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The Girl who Kicked the Hornet's Nest: movie review

The final chapter of Stieg Larsson's trilogy, 'The Girl who Kicked the Hornet's Nest' brings punk hacker Lisbeth's quest to a blazing climax.

Noomi Rapace adds some edge as Lisbeth Salander in ‘The Girl who Kicked the Hornet’s Nest,’ the third installment of author Stieg Larsson’s bestselling ‘Millennium’ trilogy.

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My favorite moment in the "The Girl who Kicked the Hornet's Nest" has nothing to do with blood or vengeance.

Punk hacker Lisbeth Salander (Noomi Rapace), recovering in a hospital bed from a bullet wound to the head, is visited by her sympathetic young doctor (Aksel Morisse). Realizing she will soon be taken by the police to Stockholm to stand trial for three murders, he is protective of her privacy. He says to her, "You are one of the most interesting patients I've had in a long time."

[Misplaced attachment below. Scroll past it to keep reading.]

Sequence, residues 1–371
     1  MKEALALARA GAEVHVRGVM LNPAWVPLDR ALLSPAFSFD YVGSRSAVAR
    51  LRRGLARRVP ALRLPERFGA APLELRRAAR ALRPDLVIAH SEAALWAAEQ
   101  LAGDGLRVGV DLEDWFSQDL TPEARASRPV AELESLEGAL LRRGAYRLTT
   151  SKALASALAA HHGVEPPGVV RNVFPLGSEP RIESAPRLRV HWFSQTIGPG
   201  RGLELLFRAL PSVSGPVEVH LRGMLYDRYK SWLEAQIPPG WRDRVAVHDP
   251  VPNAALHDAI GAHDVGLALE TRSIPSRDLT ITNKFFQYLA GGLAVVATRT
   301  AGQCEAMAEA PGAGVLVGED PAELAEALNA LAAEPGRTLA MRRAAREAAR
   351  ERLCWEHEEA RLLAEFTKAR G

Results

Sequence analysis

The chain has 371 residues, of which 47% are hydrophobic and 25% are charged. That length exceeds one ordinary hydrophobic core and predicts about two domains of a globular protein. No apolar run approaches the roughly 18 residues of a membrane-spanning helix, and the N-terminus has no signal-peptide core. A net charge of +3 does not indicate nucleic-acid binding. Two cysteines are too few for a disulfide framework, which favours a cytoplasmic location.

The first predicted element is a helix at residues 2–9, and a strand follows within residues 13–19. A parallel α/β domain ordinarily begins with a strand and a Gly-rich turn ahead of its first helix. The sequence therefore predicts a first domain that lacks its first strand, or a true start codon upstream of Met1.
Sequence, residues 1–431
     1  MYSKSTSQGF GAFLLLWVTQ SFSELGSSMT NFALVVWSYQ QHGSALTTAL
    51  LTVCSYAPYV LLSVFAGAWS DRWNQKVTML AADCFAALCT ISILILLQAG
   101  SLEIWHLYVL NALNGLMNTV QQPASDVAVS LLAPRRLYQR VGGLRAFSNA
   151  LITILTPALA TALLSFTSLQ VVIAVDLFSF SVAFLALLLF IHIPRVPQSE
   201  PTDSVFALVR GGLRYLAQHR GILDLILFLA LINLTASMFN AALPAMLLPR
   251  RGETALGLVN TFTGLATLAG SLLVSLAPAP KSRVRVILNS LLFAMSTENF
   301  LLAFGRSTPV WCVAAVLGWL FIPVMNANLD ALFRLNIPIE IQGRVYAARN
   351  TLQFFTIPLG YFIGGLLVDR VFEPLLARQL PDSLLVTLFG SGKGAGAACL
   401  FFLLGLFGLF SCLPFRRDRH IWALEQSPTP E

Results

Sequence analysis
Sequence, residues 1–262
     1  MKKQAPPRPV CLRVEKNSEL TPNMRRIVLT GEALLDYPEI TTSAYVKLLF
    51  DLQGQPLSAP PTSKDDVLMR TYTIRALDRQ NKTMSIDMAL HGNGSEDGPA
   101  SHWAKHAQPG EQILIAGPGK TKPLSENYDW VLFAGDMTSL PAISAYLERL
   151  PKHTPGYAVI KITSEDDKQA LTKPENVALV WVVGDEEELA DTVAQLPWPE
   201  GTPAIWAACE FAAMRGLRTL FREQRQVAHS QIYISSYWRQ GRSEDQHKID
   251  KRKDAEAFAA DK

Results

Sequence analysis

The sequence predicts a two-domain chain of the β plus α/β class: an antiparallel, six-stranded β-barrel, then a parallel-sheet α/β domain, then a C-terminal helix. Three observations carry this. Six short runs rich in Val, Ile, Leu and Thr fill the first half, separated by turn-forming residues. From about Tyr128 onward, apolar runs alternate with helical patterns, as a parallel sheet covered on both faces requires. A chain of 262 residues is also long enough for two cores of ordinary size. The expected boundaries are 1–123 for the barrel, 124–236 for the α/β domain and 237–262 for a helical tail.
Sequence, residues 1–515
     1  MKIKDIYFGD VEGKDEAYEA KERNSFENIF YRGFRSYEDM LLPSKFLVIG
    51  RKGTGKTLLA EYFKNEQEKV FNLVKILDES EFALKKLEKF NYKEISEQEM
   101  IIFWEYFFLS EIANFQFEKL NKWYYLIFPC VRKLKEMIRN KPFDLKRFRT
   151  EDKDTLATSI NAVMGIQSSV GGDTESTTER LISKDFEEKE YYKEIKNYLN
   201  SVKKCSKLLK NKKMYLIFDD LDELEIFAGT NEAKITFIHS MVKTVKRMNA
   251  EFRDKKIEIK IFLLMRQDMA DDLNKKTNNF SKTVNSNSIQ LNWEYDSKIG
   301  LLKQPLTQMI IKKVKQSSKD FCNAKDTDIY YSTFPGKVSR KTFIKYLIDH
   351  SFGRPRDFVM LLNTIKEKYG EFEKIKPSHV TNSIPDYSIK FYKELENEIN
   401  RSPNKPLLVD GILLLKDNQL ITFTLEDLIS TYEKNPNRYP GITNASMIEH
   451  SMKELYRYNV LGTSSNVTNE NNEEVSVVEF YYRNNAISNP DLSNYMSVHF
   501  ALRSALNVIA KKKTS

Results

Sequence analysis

It's a funny line, and both doctor and patient, despite her force field of wariness, are in on it. It's also one of the more wry moments in a film that, for the most part, plays like a pretty good TV police procedural. This final installment in the series derived from Stieg Larsson's bestselling "Millennium" trilogy, like its immediate predecessor "The Girl who Played with Fire," was, in fact, originally shot for Swedish television.

Everything in the trilogy – which, in case you've been sequestered on Mars for the past few years, began with "The Girl with the Dragon Tattoo" – wraps up here. Consequently, it doesn't have the transitional-movie dragginess of the previous installment (which was shot back-to-back with this one by director Daniel Alfredson).

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